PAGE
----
The Iron Lady of Israel

 Appearances can be misleading. Nothing could be truer than this when it comes to Lt. Gen. (Ret.) Orit Adato,  one of the most prominent women in the Israeli milieu. There was no telling that the petite lady with the beautiful soft eyes who was about to lecture to my group at the International Institute of Counter Terrorism, was indeed a powerful woman, one that is considered by many to be the Iron lady of Israel.

Orit Adato is the former Commissioner of the Israeli Prison Service (IPS). She is the former Vice President of the International Correction and Prison Association (ICPA). Currently, Ms. Adato is the owner and Managing Director of Adato Consulting Ltd. Her firm specializes in international consultation on issues such as the treatment of terrorists in prisons, coping with the development of terrorist cells, organized crime and gangs, building and shaping intelligence systems in correction organizations and the development of intelligence cooperation between law enforcement agencies.
Prison environment, as Ms. Adato would describe it, is problematic and far from affable.  Management of penal inmates is hard. The supervision of terrorists is even harder. According to her, due to the mixed nature of its inmates, who are physically separated, the Israeli prison system is under constant close surveillance by two entities. In addition to the adherence to International treaties such as the Geneva Convention (which mainly apply to prisoners of war held in Israel), Israeli prisons are also under scrutiny by local entities such as the Ministry of Internal Security and the Ministry of Justice.

 Being familiar with the importance of Israel’s public image I was particularly interested in learning about the difference in addressing inmate groups in Israeli prisons.

“The main difference between the penal inmates and the terrorists,” according to Ms. Adato, “is with regards to the interactions with the outside world.” Naturally, penal inmates enjoy more freedom. They are also offered educational training and guidance with the eventual goal of reintroducing them into the mainstream Israeli society as productive and contributing citizens.

One should note, however, that until a decade or so ago, terror inmate were, likewise, awarded the opportunity to be educated through the open University. Some, like Samir Kuntar, responsible for one of the most horrific terror attacks in Israeli history, even earned a doctorate while imprisoned in Israel. That privilege was revoked following the seizure of an Israeli soldier, Gilad Shalit, by Hamas and denying him any rights including visitations by The International Committee of Red Cross (ICRC).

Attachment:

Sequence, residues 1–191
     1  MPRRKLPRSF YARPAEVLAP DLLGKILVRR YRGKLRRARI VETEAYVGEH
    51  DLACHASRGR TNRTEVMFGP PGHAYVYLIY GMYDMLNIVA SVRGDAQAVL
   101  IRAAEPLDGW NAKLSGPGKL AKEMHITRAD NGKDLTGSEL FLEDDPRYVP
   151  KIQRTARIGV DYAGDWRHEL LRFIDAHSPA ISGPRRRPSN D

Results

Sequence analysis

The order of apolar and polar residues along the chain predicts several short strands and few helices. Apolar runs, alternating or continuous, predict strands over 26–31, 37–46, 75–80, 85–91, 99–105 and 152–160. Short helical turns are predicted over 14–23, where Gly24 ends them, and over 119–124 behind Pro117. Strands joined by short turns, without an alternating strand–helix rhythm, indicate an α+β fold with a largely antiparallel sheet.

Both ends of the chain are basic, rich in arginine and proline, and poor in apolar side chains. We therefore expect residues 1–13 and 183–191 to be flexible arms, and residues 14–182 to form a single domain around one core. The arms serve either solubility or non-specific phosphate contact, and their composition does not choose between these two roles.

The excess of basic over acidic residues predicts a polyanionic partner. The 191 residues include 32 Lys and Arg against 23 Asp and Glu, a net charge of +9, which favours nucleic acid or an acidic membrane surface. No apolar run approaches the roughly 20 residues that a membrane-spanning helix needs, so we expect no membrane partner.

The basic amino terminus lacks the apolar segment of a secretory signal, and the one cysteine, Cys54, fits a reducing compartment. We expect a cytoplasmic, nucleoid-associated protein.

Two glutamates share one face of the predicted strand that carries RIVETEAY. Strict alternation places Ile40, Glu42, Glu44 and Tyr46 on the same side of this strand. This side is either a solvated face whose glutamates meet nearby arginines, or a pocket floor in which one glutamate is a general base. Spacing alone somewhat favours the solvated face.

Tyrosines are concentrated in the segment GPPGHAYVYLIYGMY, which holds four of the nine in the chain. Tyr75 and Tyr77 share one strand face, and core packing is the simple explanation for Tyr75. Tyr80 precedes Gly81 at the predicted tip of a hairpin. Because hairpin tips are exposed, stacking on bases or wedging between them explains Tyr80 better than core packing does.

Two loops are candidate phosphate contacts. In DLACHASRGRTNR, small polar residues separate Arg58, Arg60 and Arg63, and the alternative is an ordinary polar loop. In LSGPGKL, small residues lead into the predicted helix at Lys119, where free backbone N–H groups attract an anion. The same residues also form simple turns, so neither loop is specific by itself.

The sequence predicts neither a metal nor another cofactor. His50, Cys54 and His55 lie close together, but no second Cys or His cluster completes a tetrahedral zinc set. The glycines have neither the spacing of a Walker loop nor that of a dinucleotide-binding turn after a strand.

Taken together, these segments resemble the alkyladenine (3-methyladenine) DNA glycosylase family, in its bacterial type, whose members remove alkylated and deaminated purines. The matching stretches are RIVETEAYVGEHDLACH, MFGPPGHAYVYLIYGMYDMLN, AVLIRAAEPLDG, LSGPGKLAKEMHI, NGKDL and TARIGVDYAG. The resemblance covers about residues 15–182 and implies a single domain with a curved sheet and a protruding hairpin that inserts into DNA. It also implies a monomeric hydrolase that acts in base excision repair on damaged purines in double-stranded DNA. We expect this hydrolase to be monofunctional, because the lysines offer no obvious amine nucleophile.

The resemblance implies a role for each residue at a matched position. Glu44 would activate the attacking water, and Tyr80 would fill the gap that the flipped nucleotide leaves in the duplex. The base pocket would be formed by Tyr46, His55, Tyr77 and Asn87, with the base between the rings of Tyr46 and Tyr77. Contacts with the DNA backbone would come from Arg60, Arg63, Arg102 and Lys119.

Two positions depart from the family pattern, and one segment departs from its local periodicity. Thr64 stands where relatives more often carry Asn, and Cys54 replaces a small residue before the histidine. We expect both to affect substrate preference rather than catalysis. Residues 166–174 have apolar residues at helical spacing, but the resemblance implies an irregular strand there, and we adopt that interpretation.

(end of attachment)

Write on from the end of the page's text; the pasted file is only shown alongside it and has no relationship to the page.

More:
Another difference between the two groups of prisoners pertains to home leaves.  After having completed one fourth of their incarceration period and following risk assessment of a few factors, such as satisfactory results in educational and vocational training, penal inmates are eligible for home-leave. These are initially for eight hours, followed by twelve, twenty-four, forty-eight, and in some cases even seventy-two hours.
Terror inmates, on the other hand, receive no such leaves for obvious reasons. They may never return.

Visitation rights by family members is another area where the two groups differ. Whereas penal inmates can request, pending approval, visitation rights by first or second degree family members. Terror inmates can have visitation rights by first degree family members following their screening and approval by the Shabak (Security Service). Ex-convicts are barred from visiting  either group.

Difference in rights are also in place concerning the use of public telephones. A penal inmate has the right to speak on the public telephone. In case of suspicious activities, their call is monitored. Prior approval of pre-submitted list of telephone numbers is needed. Terror inmates are prohibited from making any telephone calls except for emergency calls upon the death of a first degree family member. Those calls are monitored in Arabic, of course.

Visits to the prisons in Israel by International and local organizations are conducted on a regular basis.  Members of ICRC pay them monthly visits. During those visits, privacy is granted and no prison staff members are present. Representatives of the Israeli Ministry of Justice and Ministry of Public Security, Members of the Knesset and Israeli media, are, likewise, allowed regular visits.
In accordance with Israeli democratic values, pursuit of justice and transparency, each inmate, penal, or terror, has a right to access the court system to have their case and grievances reviewed. It is important to note that less than 1% apply. They all have their cases studied by the court and many are warranted judgement on their behalf.

Least but not last, unbeknownst to many, unlike in other countries, Israeli law prohibits body cavity search. This has presented members of the prison staff with awkward situations lending suspects to having their basic rights compromised. In pursuit of basic human rights, the system is now working on ways to overcome this and other sensitive issues.

As we can see, the Israel Prison Service faces many complex dilemmas that stem from the organization’s desire to bridge between the goal of keeping prisoners in a secure environment and maintaining their dignity as human beings. There is no doubt that Ms. Adato has contributed immensely to upholding this very delicate balance. It takes the mixture of solid iron personality and a heart of gold to achieve it. Ms. Adato has both.